Filmmaking Essays

10 Great Edits in Film that Inspire Me

Here are 10 of my all-time favorite edits in film to inspire you!

These are 10 of the most important edits that have inspired me. It’s not an all-time list. When I say “edit”, I mean a single transition or a montage in a scene or sequence, not the editing of a film as a whole.

Movies in this video:

  1. City of God
  2. The Social Network
  3. Gone with the Wind
  4. Raiders of the Lost Ark
  5. Mad Max – Fury Road
  6. Raging Bull
  7. Seven Samurai
  8. Battleship Potemkin
  9. Breathless
  10. Requiem for a Dream
  11. Don’t Look Now
  12. Citizen Kane
  13. Nosferatu
  14. The Good, the Bad and the Ugly
  15. Psycho
  16. Lawrence of Arabia
  17. 2001: A Space Odyssey

Footage is taken from Youtube, so is of poor quality. It’s impossible for me to rip high quality content (it’s illegal) of every movie for this. This video uses low resolution clips from movies only for informational and educational purposes under fair-use.

Exclusive Bonus: Download my free guide (with examples) on how to find the best camera angles for dialogue scenes when your mind goes blank.

2 replies on “10 Great Edits in Film that Inspire Me”

Interesting comments about the greatest edits. Perhaps I am biased about Lawrence of Arabia. It is my personal favorite and I am interested in both the man and the film. I do however think that you miss the point about the match. In life, Lawrence was an extreme stoic, bordering on masochism. in the film of course Lean has a short time to make this point. in a preceding scene we are introduced to the match “trick” Lawrence uses to prove his mastery over pain. You are right. The following journey is not going to be “fun”, but that is the point. Sure, perhaps you could use the same cut for “Lawrence of the Arctic”, but surely it is more appropriate for the fiery furnace of the Arabian desert.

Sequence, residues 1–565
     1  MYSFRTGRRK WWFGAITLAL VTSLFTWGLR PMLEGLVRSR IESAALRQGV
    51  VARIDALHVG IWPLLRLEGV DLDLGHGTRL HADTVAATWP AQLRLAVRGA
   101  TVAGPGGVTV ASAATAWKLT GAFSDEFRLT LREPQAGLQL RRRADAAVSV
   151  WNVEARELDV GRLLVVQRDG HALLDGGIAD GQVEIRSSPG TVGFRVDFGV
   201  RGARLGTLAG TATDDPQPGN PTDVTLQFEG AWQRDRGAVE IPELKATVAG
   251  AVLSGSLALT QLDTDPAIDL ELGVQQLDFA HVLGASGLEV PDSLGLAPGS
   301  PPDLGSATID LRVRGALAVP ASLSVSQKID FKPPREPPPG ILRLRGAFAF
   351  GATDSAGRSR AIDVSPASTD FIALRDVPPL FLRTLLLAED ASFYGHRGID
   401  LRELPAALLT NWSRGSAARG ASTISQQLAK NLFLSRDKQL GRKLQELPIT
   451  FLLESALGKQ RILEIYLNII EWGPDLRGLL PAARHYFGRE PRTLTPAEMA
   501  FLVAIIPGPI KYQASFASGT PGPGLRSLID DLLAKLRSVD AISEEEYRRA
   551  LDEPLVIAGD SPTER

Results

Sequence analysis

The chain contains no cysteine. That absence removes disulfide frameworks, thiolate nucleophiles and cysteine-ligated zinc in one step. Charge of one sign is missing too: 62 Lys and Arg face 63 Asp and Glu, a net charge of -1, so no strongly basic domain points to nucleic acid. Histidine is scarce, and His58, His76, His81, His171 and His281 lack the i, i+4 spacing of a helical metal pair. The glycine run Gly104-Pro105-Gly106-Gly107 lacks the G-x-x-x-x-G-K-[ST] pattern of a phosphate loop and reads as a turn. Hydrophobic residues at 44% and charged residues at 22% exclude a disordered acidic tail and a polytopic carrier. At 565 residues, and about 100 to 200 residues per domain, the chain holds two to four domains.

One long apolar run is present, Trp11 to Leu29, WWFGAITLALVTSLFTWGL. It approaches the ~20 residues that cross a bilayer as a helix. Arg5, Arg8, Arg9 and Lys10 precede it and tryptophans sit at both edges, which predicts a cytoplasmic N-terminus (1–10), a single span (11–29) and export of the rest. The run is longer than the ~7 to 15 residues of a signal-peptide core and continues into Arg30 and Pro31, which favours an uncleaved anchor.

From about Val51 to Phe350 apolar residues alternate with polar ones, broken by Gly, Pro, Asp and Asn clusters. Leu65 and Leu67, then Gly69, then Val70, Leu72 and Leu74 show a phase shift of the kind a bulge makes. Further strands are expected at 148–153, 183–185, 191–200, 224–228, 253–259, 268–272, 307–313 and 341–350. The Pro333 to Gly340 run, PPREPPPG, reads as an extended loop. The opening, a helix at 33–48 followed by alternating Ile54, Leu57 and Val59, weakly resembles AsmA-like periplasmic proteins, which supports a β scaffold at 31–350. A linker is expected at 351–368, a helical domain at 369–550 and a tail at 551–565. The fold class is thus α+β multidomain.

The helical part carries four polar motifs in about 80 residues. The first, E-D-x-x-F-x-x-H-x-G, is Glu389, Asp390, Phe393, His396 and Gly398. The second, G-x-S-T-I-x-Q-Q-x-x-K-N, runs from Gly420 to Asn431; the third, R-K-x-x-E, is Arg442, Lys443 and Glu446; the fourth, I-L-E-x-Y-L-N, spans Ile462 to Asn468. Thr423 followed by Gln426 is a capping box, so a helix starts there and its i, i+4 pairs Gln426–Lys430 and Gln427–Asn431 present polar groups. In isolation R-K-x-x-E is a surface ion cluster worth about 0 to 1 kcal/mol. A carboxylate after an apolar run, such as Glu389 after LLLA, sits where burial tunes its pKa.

I have always liked the edit from 2001, though I thought it could have been visually better. I take inspiration from both Lean and Kubrick. Lean for the fact that each shot should stand on its own as a “picture”. Kubrick is a reminder to not be so damned ponderous.

Bravo.did sequence on film of three people in back of van, on night before a group suicide, not able to sleep, talking around a candle. it was the light of the candle, and the intimacy that the huddled heads that i wanted to try. we ran it a few times, semi improv, but then came the idea of starting with blackness, lighting the candle, the conversation, then blowing the candle out.
it worked, your edit sum was a further validation of the effective progress of work.

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